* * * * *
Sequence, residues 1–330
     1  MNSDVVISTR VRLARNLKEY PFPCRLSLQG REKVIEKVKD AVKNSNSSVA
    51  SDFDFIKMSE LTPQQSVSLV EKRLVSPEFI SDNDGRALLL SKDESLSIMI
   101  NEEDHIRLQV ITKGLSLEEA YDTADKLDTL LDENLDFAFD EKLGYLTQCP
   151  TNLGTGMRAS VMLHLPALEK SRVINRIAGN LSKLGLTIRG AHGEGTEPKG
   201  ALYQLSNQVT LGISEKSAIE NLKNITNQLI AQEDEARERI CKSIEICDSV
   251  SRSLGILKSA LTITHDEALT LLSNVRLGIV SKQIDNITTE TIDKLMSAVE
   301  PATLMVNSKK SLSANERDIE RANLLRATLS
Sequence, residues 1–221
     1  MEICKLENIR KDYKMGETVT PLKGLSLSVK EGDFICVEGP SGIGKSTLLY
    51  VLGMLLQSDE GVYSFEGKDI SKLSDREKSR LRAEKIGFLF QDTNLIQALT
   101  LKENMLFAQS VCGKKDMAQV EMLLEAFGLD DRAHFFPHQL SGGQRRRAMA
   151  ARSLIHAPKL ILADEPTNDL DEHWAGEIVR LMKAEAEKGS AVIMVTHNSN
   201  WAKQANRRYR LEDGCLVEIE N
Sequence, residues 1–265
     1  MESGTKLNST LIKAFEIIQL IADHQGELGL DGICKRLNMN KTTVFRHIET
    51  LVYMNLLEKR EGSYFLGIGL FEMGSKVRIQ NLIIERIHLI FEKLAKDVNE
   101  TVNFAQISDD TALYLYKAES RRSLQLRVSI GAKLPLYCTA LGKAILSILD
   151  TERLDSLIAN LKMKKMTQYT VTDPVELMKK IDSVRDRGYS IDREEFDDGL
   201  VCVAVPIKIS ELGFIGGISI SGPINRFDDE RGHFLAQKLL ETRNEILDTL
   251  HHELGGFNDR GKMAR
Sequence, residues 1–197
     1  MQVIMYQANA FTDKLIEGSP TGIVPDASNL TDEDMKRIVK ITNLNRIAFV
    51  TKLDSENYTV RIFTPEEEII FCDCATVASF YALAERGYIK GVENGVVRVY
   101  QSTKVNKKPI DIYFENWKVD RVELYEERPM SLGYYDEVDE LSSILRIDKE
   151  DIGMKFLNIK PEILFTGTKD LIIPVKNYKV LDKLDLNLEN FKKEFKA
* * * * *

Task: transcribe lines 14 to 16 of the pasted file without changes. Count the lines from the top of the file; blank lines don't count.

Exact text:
   201  WAKQANRRYR LEDGCLVEIE N
Sequence, residues 1–265
     1  MESGTKLNST LIKAFEIIQL IADHQGELGL DGICKRLNMN KTTVFRHIET